India's capital markets regulator on Thursday unveiled a series of measures to attract investors and boost confidence in the stock market.
The Securities and Exchange Board of India (SEBI) approved the "anchor investor" concept under which an investor can subscribe to up to 30 percent of the quota for institutional investors in an initial public offering, said Chairman C.B.Bhave.
"This is in response to (the) requests of issuers that there was a need for investors with prior commitment who will enhance their ability to sell the issue and bring more confidence," Bhave told reporters after a board meeting.
Under the new rules, an anchor investor would pay 25 percent of the total investment at the time of applying for the initial public offering, and the balance within two days of the closure of the issue.
Such anchor investors would have to adhere to a lock-in period of one month from the date of the share allotment.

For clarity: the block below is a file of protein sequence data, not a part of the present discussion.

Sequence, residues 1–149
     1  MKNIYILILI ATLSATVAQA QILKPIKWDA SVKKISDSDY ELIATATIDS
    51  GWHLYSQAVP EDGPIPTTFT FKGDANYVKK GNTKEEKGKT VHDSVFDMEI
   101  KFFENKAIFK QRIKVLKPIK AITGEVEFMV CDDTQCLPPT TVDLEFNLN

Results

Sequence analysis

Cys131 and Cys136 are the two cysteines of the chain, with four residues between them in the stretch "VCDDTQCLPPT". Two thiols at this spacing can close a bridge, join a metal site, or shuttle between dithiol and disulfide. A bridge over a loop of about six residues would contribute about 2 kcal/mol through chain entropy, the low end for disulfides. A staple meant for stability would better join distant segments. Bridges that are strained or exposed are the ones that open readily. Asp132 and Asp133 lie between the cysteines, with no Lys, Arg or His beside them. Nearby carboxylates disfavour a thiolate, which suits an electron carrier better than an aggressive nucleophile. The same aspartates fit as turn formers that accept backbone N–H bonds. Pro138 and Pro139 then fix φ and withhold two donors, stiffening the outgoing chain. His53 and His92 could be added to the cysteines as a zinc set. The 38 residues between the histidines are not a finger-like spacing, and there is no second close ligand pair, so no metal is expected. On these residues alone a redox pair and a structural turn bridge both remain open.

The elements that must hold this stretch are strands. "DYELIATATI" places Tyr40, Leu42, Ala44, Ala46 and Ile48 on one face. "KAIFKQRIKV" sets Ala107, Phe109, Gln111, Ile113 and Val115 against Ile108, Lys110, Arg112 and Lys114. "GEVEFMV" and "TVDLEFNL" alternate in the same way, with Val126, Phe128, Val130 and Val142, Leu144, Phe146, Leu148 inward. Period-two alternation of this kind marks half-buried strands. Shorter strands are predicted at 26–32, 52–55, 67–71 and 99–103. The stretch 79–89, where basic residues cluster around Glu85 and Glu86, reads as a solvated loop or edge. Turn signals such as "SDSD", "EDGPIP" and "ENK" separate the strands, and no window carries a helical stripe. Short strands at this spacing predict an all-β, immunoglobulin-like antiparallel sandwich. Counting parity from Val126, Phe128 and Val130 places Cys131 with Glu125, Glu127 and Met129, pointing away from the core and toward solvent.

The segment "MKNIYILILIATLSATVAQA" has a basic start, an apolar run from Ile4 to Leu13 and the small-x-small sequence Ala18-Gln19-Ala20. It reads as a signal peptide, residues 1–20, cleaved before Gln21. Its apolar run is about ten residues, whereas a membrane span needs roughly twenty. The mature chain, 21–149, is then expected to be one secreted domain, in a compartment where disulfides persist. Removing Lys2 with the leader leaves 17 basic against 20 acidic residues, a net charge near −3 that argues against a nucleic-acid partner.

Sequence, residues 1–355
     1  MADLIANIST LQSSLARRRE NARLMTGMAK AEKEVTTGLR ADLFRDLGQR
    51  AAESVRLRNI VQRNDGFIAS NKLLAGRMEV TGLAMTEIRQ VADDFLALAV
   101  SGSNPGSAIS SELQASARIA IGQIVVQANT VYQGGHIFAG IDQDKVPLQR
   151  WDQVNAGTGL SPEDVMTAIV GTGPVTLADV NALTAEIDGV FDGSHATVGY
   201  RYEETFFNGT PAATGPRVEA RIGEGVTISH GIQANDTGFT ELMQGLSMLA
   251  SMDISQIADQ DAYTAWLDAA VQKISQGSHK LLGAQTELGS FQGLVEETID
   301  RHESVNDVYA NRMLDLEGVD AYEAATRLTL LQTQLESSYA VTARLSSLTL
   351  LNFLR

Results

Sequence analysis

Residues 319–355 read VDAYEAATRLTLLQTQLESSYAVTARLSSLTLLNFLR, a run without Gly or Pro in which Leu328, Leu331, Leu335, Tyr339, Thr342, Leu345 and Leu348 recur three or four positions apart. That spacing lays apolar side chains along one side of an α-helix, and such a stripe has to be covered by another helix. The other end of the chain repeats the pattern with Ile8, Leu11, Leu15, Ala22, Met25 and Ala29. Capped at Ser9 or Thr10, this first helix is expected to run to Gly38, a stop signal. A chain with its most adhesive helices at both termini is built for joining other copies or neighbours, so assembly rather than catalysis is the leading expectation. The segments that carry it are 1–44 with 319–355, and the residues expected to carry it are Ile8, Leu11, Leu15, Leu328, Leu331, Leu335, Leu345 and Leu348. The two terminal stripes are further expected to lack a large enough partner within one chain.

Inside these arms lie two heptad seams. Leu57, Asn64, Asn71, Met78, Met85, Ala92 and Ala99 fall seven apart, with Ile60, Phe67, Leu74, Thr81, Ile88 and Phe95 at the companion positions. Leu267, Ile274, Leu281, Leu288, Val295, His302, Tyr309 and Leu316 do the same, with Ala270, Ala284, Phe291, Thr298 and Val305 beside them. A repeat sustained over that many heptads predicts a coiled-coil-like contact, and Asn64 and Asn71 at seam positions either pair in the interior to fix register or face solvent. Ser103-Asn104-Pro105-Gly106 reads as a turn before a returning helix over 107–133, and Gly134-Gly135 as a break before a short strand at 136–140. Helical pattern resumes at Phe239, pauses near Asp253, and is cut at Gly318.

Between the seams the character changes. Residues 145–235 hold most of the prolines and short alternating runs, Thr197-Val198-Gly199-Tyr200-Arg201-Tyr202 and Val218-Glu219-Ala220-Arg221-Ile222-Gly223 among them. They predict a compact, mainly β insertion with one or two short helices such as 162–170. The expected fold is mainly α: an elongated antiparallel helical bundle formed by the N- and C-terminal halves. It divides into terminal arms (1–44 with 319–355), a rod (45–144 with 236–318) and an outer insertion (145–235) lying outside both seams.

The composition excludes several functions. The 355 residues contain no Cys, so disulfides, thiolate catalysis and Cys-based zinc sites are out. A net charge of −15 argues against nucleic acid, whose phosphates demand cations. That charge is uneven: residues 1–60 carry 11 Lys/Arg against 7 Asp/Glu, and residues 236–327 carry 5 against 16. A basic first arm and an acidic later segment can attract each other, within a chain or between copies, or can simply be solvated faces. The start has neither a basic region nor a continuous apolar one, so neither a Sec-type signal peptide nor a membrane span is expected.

Earlier this year, the regulator amended rules for declaring the price band of initial public issues and changed its rules on mandatory open offers in a drive to make the capital markets more investor friendly.
Bhave said SEBI had also decided to rationalise disclosure in the rights issues offer documents as information relating to the listed company offering such an issue was already available in public domain for investors.
In a rights issue, a company issues new shares to existing shareholders. Analysts say the upturn in the stock market is expected to see many firms rushing to tap this route to raise finances for either cutting debt or to fund expansion plans.
"The revised disclosure would make the process of rights issue faster for companies and also reduce overall costs for such issues," said a SEBI statement.
The market regulator also said entry load for investments in mutual funds would be removed, which is expected to result in increased participation. It would also cut registration fees for market intermediaries by about 50 percent.
VCCircle Adds- The board of the market regulator has also slashed fees for various members like foreign institutional investors (FII) and foreign venture capital investors (FVCI) with others like brokers, mutual funds, custodians. The application and registration fees for FCVI (foreign PE & VC firms) has been cut by half to $2,500 and $10,000, respectively. Same holds for FIIs, where registration fee has been cut to $5,000 and that for sub-account of FIIs is now $1,000.
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